Amidst strife, a week of camp is a time to let go

Posted: Sunday, June 28, 2009

Our kids are living under tremendous pressure. If the stress only came from what kind of bike to ride or whether or not to sleep in on Saturday, it wouldn't be so bad. But it's a little more complicated than that.

The constant burden of juggling family, friends and an education can be very overwhelming. Part of growing up is learning how to manage the various demands in our lives, but when is there time just to be young? Echo Ranch tends to become the place where a lot of kids find themselves with the freedom to let go.

As the bus rolls away from Auke Bay toward Echo Cove, the transformation begins. Home moves farther and farther into the distance. The messy room, chores, parents, siblings - all left behind. Whatever has taken place at home before this moment is put on hold. Life back in the real world will have to wait. Not all campers are excited to be leaving home, but most are anxious for a change of pace. The counselor in the cabin has a certain level of authority but isn't seen as mom and dad. Imagine being able to switch jobs for a week and your boss giving you orders to throw water balloons at your coworkers.

While the home can be left behind, friends are one component of life that can have a positive and negative effect at camp. It's good to have fun with people you're already friends with but there also needs to be room to make new friends. We encourage cabin group interaction with team building activities and games designed to include everyone. With a three-year age span among campers, this can be a challenge. There needs to be a level of equality and unity if fun is truly going to be had. Time away from friends not at camp may also give kids an opportunity to examine whether some of their friends are helping to make good decisions.

In the months leading up to summer, school has been a main priority in the kids' lives. Daily homework, papers to write, group projects, test scores, grades, social interactions, sports, clubs, and the list goes on. School is a full time job all by itself. And if any of our campers are anything like me, procrastination has made the school year particularly taxing. There is also the pressure of fitting in and living up to standards which can feel unattainable at times. The onset of summer is the promise of freedom. Remember how hard it was to sit through the last few days of school? The clock on the wall couldn't move slower. Wouldn't it be great if we all could take two and half months off for vacation?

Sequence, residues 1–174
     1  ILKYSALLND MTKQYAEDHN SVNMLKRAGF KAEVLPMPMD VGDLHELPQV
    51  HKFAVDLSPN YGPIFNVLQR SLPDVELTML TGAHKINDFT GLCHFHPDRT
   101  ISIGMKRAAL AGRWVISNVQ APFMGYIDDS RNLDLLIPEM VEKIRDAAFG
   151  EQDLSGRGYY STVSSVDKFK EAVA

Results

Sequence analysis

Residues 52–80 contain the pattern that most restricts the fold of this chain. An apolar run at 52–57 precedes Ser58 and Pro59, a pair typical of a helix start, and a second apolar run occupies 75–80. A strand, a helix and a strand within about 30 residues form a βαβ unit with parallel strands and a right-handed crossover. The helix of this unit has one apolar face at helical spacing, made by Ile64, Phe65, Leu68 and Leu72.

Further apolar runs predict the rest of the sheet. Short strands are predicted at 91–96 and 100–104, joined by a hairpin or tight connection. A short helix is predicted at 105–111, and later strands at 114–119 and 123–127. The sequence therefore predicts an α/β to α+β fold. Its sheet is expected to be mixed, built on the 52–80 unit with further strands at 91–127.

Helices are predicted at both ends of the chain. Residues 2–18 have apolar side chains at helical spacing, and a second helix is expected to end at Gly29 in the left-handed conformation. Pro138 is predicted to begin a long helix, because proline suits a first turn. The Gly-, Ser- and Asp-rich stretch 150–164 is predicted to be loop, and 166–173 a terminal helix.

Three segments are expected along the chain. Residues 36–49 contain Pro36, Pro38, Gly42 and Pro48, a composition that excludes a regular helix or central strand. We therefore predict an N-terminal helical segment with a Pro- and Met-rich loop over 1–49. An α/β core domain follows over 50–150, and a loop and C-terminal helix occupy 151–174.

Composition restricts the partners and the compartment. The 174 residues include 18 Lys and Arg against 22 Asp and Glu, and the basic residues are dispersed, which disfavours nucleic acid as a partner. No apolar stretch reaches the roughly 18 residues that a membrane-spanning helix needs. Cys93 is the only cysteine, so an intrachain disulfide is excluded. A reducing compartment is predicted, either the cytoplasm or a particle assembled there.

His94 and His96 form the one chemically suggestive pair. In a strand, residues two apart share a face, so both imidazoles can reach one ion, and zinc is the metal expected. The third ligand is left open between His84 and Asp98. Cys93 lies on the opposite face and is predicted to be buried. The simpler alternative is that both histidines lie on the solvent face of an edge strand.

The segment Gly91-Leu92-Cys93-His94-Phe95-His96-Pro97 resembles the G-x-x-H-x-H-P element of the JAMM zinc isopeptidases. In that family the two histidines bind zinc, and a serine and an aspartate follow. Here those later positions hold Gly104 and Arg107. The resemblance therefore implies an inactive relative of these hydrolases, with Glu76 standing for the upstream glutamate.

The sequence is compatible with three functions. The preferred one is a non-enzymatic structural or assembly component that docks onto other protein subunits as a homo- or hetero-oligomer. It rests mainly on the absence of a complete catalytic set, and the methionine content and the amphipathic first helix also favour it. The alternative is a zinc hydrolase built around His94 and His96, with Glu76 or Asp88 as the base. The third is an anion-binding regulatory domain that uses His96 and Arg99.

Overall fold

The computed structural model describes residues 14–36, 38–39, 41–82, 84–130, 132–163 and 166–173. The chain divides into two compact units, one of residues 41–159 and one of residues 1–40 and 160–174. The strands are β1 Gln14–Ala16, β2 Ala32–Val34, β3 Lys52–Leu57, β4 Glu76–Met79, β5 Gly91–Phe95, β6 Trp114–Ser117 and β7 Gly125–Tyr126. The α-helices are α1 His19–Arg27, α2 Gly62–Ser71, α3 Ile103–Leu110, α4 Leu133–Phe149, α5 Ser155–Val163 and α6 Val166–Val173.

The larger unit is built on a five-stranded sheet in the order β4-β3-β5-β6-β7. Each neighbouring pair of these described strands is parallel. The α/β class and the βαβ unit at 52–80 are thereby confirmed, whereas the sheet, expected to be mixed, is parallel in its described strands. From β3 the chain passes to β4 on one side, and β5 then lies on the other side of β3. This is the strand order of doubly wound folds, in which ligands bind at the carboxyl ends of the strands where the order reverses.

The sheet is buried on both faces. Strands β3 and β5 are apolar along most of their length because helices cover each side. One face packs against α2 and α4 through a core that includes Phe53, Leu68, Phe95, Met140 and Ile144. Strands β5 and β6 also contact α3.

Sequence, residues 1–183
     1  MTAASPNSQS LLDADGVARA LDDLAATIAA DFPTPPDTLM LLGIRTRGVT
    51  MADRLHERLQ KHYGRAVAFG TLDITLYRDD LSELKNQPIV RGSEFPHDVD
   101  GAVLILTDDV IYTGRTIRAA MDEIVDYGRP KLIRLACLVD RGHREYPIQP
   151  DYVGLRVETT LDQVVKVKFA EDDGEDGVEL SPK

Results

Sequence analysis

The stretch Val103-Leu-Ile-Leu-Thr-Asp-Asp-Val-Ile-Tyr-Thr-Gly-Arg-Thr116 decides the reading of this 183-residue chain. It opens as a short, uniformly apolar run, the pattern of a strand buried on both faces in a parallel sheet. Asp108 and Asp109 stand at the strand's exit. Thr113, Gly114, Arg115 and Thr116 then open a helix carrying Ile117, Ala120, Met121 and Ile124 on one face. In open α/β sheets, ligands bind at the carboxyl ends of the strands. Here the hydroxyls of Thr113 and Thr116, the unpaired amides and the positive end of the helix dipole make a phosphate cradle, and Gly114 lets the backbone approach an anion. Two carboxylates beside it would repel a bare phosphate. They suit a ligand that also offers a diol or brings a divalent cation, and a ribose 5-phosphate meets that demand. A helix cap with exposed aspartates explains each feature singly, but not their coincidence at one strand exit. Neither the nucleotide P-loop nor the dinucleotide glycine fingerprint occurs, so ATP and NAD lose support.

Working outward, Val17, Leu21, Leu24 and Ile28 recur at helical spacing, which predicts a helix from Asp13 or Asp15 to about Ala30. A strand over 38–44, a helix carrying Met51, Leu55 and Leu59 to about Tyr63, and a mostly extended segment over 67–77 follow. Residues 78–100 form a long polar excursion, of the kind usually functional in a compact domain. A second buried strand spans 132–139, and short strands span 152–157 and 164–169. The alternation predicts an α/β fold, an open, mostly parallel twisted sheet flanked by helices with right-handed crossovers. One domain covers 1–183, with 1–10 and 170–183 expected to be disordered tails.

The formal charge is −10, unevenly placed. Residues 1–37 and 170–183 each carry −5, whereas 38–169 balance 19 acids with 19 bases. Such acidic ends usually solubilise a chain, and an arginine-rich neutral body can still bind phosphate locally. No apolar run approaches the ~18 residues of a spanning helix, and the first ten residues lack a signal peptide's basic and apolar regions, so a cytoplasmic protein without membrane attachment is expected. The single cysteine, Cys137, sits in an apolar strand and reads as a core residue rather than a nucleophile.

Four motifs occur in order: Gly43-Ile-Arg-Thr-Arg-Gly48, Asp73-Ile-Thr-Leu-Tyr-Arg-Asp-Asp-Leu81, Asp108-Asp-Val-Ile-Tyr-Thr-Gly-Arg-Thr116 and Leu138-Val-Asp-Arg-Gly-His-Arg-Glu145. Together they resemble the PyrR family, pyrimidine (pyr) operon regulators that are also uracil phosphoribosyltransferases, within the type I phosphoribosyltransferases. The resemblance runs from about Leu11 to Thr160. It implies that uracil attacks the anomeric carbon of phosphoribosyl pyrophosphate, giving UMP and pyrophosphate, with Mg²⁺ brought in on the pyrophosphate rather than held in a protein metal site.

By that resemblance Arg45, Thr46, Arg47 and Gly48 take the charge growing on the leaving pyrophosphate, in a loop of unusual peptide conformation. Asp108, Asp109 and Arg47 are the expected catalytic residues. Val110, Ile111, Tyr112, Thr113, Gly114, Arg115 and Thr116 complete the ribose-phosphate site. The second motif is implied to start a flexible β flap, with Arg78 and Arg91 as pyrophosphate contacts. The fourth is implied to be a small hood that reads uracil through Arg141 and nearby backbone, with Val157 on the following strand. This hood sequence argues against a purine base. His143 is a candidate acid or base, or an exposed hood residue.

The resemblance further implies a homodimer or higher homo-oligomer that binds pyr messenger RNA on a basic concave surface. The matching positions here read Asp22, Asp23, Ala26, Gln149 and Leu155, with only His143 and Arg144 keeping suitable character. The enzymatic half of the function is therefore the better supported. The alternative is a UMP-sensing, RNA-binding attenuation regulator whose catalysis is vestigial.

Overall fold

The process of learning how to manage various demands is part of growing up. As the years go by, our youth are being asked to grow up at a faster, more intense rate. In our modern world there is very little room for error and kids feel that pressure. Any sign of weakness is looked down upon and rather than be vocal about it we are taught to bottle it up inside and cope with it on our own. I compare it to holding your breath and not really being able to fully exhale. Echo Ranch gives youth a chance to breathe a little and let off some steam. We can't make it through this world holding our breath. When campers hear this, they are given permission to let their guard down. I've seen kids arrive on Monday with the most somber look on their face and by Thursday, be smiling from ear to ear.

It has been said that laughter is the best medicine. That's probably true. Throw in an emphasis on loving God and loving your neighbor and I'd say you've got Echo Ranch. Our goal is to create a fun, safe, peaceful environment of camping excellence where people have the opportunity to meet God. When this happens in the lives of young people, they get a chance to let go of some of their baggage and be young again.

• Jon-Michael Gwinnell is a staff member at Echo Ranch Bible Camp. He can be reached at

Trending this week:


© 2018. All Rights Reserved.  | Contact Us